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NEW YORK (Reuters) - New York's Metropolitan Museum of Art, which is being sued by patrons who say they were tricked into paying a $25 admission fee, said on Thursday its pay-what-you-wish policy is clear and denied it tried to bilk patrons.
A lawsuit filed in March claimed that most visitors to the museum, one of the world's most popular, did not know the $25 fee was recommended, but not required.
The plaintiffs, including a member of the museum and two Czech tourists who bought a ticket, claimed the museum used misleading signs and other techniques to convince its 6 million annual visitors they had to pay to get in. The lawsuit asked for an injunction and unspecified damages for all visitors to the museum who paid with a credit card.
"It inaccurately alleges that the Met deceives the public by not making its long-standing, pay-what-you-wish admission policy clear enough, and asserts that we are violating a nineteenth-century New York State law that once mandated that we be free to the public," museum director Thomas P. Campbell said in a message on its website.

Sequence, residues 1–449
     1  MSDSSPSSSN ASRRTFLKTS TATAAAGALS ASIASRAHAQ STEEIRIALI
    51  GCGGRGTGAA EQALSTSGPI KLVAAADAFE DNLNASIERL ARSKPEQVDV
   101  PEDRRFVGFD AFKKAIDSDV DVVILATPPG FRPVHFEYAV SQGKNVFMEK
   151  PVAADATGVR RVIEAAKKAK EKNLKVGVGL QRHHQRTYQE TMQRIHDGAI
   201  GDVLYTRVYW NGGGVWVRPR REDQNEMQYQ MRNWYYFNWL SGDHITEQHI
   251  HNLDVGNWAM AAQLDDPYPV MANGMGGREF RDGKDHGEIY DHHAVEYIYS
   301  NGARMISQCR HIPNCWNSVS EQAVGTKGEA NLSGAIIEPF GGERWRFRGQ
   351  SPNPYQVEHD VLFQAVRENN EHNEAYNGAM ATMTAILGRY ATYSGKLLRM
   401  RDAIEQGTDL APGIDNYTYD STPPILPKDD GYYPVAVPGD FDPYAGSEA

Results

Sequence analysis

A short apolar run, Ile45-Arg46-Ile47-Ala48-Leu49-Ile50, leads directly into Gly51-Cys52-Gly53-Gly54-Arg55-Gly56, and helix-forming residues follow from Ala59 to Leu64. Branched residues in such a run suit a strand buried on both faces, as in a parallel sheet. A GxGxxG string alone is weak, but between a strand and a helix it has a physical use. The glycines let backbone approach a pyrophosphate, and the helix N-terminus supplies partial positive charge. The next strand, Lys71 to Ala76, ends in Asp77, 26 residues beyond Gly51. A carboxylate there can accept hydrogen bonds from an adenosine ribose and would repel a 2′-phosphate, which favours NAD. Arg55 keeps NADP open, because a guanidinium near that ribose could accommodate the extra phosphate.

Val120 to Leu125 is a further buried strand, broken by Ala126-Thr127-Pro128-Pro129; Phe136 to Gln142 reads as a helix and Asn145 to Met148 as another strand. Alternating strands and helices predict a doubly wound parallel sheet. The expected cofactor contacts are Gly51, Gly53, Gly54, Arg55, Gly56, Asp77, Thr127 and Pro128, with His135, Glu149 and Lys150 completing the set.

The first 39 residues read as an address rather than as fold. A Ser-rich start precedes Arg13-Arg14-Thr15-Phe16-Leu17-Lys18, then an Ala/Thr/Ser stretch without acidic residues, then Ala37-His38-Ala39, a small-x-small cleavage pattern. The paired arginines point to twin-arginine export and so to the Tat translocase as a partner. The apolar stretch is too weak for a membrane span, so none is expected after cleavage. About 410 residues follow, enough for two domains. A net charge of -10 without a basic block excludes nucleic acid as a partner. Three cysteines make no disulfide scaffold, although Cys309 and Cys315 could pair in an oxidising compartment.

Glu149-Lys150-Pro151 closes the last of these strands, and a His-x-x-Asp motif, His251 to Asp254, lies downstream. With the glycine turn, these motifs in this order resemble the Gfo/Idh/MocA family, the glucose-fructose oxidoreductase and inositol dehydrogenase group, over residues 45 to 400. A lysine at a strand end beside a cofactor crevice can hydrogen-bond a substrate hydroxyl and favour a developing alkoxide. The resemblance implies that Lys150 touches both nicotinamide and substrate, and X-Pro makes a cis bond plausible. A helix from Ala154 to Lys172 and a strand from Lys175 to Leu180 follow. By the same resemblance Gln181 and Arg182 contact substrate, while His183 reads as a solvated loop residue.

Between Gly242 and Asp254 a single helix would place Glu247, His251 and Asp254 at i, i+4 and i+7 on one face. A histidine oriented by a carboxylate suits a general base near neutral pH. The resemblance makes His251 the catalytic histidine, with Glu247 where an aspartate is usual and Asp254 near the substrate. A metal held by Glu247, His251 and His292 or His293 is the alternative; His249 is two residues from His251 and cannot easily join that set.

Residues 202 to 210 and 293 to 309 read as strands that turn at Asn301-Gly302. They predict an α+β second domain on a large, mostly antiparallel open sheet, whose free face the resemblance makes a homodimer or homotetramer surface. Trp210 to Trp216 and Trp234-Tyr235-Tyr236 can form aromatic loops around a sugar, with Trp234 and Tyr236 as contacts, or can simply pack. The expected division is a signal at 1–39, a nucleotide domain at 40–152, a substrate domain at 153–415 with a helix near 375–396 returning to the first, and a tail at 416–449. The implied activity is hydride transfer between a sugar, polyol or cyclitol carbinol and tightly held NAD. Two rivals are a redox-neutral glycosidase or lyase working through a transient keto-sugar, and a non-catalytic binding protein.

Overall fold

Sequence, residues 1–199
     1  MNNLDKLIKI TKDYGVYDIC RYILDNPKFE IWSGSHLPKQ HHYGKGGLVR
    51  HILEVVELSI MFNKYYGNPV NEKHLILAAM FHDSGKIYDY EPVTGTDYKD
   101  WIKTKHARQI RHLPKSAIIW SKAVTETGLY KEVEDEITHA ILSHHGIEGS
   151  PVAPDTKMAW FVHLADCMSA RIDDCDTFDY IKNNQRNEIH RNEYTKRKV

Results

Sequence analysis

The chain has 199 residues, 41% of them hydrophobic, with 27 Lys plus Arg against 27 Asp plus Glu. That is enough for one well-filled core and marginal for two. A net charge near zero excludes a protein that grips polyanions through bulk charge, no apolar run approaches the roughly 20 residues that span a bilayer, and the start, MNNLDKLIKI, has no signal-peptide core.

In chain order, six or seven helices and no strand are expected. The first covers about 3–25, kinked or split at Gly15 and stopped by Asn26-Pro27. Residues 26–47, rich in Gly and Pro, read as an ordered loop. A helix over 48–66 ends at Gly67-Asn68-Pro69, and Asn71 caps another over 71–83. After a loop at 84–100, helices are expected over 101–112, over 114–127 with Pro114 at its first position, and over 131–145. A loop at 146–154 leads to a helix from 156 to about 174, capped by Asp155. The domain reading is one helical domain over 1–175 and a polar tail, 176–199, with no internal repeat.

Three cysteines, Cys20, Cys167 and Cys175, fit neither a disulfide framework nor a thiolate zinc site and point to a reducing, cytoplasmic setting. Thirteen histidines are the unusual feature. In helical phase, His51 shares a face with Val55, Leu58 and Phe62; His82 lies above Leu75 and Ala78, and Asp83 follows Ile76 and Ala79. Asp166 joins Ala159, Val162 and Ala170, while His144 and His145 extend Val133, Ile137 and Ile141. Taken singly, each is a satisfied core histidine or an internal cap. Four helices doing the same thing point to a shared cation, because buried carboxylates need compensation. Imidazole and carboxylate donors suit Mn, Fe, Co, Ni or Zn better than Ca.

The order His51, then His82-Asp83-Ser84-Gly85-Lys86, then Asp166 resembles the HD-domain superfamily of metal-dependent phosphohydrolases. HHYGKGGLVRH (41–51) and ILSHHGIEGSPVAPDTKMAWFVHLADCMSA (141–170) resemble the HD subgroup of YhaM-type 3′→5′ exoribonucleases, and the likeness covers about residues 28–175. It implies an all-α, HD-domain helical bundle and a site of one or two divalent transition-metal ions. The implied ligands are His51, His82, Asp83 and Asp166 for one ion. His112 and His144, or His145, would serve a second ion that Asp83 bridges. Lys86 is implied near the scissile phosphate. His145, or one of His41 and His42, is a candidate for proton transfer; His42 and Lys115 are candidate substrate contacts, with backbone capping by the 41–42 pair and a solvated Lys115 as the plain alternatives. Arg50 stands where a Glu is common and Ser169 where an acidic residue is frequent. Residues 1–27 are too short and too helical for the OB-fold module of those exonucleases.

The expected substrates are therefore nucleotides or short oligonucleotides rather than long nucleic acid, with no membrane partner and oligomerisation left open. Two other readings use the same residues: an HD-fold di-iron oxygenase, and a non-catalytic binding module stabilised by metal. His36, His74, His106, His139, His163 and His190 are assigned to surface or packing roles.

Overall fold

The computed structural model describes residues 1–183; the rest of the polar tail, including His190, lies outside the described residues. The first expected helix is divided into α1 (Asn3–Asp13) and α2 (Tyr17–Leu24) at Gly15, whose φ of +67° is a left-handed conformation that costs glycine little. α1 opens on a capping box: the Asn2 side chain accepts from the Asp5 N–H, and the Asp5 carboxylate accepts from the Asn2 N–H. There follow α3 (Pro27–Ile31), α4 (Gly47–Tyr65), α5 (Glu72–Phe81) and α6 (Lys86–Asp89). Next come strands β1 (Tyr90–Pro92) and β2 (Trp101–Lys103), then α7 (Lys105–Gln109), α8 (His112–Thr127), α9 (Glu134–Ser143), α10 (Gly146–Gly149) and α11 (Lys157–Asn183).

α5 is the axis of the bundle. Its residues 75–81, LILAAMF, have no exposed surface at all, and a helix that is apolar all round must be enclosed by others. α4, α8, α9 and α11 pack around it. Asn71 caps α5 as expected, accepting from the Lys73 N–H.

He said the museum has never charged a fixed admission fee or any extra fee for its special exhibitions. A contribution allows visitors to see everything.
Campbell said the recommended fee policy was clearly posted at entrances, on printed materials and on its website. It was approved by New York City's parks administrator more than 40 years ago.
"Should a visitor ask a cashier about the admission policy, the message is always equally clear: the amount is voluntary; please pay what you wish," he said.
The Met, which has an annual operating budget of about $250 million, relies on its members, grants, endowment income, contributions, merchandise and restaurant revenues, as well as admissions, according to the website.
It introduced the suggested contribution policy in the 1970s to cover costs and maintenance of the museum.
Another lawsuit, filed by two museum members, asks the museum to make its admission policy clearer.
Reporting by Patricia Reaney; additional reporting by Joseph Ax; editing by Stacey Joyce